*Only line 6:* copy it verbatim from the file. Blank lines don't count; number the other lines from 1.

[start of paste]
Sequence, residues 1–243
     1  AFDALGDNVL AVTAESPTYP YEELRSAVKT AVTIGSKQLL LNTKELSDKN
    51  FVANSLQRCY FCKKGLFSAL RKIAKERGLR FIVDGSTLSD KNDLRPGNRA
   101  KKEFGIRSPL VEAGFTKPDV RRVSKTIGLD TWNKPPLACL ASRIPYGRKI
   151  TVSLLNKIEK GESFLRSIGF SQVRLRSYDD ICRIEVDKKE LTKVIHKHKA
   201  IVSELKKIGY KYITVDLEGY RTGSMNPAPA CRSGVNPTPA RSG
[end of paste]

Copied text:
   201  IVSELKKIGY KYITVDLEGY RTGSMNPAPA CRSGVNPTPA RSG